By Ilker Kilich
IT IS NOT the first time since Mustafa Akinci became Turkish Cypriot leader that he has faced criticism from both sides of the divide as well as from different quarters of the political spectrum. He has been in the position for much less than a year and as such I consider most of the criticism unfair and immature.
A Greek Cypriot journalist for example recently alleged that the Turkish Cypriot leader had succumbed to pressure and “completed his transformation into Turkey’s puppet”. He had “predictably” fallen in line with the invader and occupier’s policy of dictating to Cyprus and to Turkish Cypriots.
This view has also found some support amongst the Turkish Cypriots.
This is almost exactly the same accusation I heard about another Turkish Cypriot leader, Mehmet Ali Talat, from the mouth of the late President Tassos Papadopoulos at a private meeting in London.
The meeting took place at the Dorchester Hotel on July 25, 2005 with London-based Turkish Cypriot representatives, organised by the Cypriot High Commission.
Alienating, degrading, non-recognition, underestimation, rejection and ignoring a progressive Turkish Cypriot leader has long become the norm and an easy way to block any genuine attempt by Turkish Cypriots towards the re-unification of the island.
A decade on, we still meet the various reincarnations of a weeping Papadopoulos… weeping to keep the status-quo.
The journalist critic of Akinci enthused about how wonderful Limassol was. Limassol (Leymosun) is the birthplace of Mustafa. He lived and enjoyed the seaside, sun, sand and mountains until he was 17 but not so much so after 1974 when he was 27. He was a lead singer in a local band and also enjoyed music. Now he is 67 and a grandad. He may deeply miss his birthplace but the fact is that he has been deprived of it.
Mustafa Akinci has spent his last 47 years helping to achieve peace and re-unification of our divided island. Not an easy task when he has had to confront nationalistic opposition as well as the so called occupying external power(s).
Akinci and Talat may not be perfect leaders but they are the best the progressive political movement could produce and get elected in very daunting, treacherous and dangerous politics. It also took us more than 40 years to get there.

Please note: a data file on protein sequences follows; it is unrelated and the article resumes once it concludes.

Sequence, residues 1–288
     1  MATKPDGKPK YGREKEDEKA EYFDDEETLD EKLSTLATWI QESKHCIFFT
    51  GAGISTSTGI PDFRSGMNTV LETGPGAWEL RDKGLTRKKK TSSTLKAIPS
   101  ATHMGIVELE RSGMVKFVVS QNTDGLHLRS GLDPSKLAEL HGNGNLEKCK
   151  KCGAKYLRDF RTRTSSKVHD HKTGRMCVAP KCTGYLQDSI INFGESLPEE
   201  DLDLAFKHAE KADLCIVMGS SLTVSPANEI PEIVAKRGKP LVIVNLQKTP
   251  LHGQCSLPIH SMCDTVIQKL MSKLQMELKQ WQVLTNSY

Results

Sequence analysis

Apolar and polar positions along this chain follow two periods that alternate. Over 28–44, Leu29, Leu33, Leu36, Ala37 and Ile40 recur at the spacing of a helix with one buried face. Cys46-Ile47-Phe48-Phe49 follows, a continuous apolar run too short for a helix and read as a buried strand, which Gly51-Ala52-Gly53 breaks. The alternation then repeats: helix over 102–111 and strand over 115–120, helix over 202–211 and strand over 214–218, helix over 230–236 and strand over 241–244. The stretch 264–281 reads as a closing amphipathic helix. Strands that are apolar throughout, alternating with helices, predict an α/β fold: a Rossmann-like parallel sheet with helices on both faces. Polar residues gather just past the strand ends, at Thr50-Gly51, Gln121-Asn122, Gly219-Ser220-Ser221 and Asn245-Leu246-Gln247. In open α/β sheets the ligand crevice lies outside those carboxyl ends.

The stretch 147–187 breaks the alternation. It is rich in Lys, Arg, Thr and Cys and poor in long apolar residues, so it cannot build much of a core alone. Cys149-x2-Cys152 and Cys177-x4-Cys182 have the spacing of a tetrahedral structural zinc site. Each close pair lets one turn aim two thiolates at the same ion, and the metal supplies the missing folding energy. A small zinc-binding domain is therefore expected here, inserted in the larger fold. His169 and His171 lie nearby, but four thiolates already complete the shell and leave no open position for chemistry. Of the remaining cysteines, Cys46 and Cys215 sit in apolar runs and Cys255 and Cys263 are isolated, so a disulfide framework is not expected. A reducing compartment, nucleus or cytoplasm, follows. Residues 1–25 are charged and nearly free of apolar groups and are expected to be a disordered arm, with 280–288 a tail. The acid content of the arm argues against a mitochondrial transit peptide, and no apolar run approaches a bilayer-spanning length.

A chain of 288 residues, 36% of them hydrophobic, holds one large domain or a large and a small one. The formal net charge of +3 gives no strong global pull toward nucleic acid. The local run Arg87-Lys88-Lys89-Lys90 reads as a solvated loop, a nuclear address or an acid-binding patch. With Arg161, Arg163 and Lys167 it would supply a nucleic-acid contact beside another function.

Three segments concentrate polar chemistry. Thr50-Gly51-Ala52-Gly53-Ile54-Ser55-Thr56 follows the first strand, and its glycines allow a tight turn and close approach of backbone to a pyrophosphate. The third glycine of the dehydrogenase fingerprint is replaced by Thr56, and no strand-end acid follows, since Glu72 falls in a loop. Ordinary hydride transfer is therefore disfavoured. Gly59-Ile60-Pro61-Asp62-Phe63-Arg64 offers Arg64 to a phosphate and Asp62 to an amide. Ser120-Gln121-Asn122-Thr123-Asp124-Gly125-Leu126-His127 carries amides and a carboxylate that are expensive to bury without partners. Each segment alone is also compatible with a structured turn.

We certainly cannot allow anyone to negate that achievement. Those who keep shouting that part of Cyprus is under occupation of a regional power who does not hesitate to shoot down a Russian warplane, surely must have a better understanding of the political environment within which these leaders have to operate and assume their roles.
If these democratically elected, progressive leaders are expected to stand for reunification and stand up against an overpowering occupier, as well as every other interfering external power, then the last thing they need is to be subjected to attacks by those who actually want, or pretend to want, a peaceful unification of the island.
Going back to Limassol, it is no longer Mustafa and his people but probably the newcomers who fully enjoy the gifts and fruits of the seaside town just as it is no longer the uprooted Greek Cypriots of Karpas and Kyrenia but the settlers who enjoy the beautiful peninsula and the prettiest harbour of the island. Why should those people want change? Why should they want reunification while separation admittedly offers so much pleasure and romanticism?
Is there any other credible or respectable reason behind these attacks on Akinci, a rare Turkish Cypriot leader who genuinely desires peace through re-unification of Cyprus?
I am one who does not necessarily agree with everything Akinci says or does, but it should be the every Cypriot’s duty to help free him from captivity and not to push him further into the hands of the captors.
Anyone involved with the Cyprus problem should realise that Akinci can only make progress in the right direction if he receives real help and support from all progressive and peace-loving Cypriots. Alienating him is defeating the objective.
We must appreciate that Mustafa Akinci has helped to create the best-ever atmosphere within which negotiations are being conducted and we must assume our responsibility for its continuation.
Ilker Kilich is a London-based Turkish Cypriot architect